There is a certain beauty and corresponding reverence to the scientific method. The “problem” is that humans are using it: we are subject to biases and, most importantly, incentive systems. I highlight a Wired article about a young billionaire who has declared “a war on bad science”. His foundation’s work seeks to shed light on the instances of bad use of the scientific method, when data was perhaps ignored and corners perhaps cut. Analysts know what I am talking about: brushing away data points that seem “incoherent” with a theme, weighting independent factors disproportionately… We have all been there, no matter how hard we fight to be 100% rational and intellectually honest.
Booz & Co.’s Strategy + Business publication has a story with their top-3 management books of 2016 – part of a larger story on the best Business books overall. Long-time readers of this blog should be at least a little bit enticed by two of those books: one is by Robert “Persuasion” Cialdini and the other has a title to die for (“The Process Matters: Engaging and Equipping People for Success”).
From the comic strip in the beginning and the poem in the end, and right through the writing and the amazing Cognitive Bias Codex, the post I link to is a can’t-miss story on biases. Congrats to Better Humans’ Buster Benson for the writing and thanks to fellow PLDer Boris Tsimerinov for the heads-up on LinkedIn.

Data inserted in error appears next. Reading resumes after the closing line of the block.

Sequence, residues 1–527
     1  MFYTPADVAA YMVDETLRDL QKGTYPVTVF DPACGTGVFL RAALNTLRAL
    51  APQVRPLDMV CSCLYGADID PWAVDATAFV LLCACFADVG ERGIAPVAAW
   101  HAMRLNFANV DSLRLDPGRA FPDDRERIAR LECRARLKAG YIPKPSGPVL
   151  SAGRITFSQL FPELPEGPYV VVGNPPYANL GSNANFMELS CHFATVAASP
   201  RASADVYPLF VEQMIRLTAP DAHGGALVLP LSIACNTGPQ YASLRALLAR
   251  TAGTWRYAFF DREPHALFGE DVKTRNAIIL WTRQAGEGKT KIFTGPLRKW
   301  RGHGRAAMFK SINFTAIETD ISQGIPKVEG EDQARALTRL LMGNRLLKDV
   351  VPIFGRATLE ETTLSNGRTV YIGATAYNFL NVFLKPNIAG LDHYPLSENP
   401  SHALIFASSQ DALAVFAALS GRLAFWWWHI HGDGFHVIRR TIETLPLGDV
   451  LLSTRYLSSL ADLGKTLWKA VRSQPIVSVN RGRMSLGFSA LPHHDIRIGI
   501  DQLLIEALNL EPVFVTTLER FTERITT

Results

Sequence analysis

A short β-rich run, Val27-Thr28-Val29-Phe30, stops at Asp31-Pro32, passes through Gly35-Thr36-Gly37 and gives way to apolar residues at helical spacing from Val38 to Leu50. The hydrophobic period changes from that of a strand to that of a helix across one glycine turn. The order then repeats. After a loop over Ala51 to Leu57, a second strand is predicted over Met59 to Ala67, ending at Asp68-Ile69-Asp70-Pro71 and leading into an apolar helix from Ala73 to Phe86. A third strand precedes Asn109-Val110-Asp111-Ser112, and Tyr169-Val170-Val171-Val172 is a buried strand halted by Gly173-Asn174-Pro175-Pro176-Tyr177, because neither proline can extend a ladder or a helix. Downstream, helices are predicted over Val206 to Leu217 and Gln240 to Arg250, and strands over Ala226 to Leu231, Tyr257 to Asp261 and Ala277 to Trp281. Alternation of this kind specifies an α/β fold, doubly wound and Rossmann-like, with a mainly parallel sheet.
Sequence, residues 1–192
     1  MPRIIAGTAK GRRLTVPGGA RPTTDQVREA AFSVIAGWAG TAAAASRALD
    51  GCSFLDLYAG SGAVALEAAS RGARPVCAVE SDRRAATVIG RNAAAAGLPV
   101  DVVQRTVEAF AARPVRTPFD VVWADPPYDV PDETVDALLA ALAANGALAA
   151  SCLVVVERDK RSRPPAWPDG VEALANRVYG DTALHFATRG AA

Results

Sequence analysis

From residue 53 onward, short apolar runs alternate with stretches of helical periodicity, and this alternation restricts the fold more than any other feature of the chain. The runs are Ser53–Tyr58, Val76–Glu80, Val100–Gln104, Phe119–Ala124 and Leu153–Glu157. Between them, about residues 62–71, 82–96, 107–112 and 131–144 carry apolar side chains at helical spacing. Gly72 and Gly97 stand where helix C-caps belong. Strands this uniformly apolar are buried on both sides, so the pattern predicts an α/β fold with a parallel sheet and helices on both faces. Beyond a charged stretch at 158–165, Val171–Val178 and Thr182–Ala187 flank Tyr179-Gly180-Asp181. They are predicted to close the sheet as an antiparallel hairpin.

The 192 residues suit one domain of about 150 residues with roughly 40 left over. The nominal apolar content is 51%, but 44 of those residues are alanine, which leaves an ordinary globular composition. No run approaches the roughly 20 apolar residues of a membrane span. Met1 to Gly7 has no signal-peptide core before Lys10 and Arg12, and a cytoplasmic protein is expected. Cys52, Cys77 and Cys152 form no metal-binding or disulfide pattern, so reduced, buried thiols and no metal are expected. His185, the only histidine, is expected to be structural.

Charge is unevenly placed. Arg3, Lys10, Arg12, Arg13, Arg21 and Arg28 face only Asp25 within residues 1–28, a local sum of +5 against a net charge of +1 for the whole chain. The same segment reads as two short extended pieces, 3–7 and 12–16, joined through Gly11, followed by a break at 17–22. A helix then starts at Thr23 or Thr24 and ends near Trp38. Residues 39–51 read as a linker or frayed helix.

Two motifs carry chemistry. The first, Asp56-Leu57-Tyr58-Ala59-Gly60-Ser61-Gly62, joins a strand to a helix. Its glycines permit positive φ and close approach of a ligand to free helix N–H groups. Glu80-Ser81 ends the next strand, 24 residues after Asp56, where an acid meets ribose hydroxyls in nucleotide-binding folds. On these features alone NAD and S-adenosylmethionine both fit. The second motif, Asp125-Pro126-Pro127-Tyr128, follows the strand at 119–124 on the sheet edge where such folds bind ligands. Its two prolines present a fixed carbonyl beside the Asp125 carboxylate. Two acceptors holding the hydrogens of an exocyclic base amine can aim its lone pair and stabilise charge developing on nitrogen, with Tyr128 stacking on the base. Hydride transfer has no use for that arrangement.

It was my birthday yesterday and I want to share a great information source with my readers: the Valor Intrínseco blog (translation: Intrinsic Value), which joins our blogroll. The blog posts are only in Portuguese, but its subject matter is Value Investing and the material they source is, 99% of the time, in English. I am more than glad to help this “competitor” out because great work always deserves praise – and because there is so much noise in the investment world, we need all the help we can get to hone in on the good stuff.
It is impossible not to be criticized when you are in the spotlight. Case in point: Warren Buffett. In the space of two weeks he has been criticized for supporting Hillary Clinton in the US presidential race, for a Corporate Governance “manifesto” co-signed by several CEOs (I’ll adress that in a separate post), and now for being increasingly “relentless” in his search for efficiency.
An update to last week’s post with two reading lists can only mean one thing… more books! These lists are wide-ranging in nature, coming from TED speakers and Farnam Street Blog members, a multidisciplinarian crowd if there ever was any. Enjoy!
An (unnecessary) debate has begun about the right of Board members to access data in excess of what management provides, if necessary. We can and should discuss the form of potential abuses and its punishments, as well as reasonable boundaries of access to management and data. But we should not seek to remove a basic right of the Board members, who are personally liable for their decisions.
Shamelessly I return to reading lists, one from McKinsey & Co. and the other from Harvard Business School. If you don’t know whether to thank me or hate me (“I haven’t finished the last books I bought and here comes an interesting list…”), I completely understand you.
Two noteworthy articles and one notable initiative in Brazilian CG practices nowadays. One regards an already-missed opportunity, the others still have potential (but should be treated with priority by investors interested in improving Brazilian capital markets).
Bill Gates wrote a very touching note on the 25th anniversary of his friendship with Warren Buffett. As he points out, he had no idea they would become such friends given their different backgrounds. The lesson here, if there is any, is to be truly humble – intellectually and personally.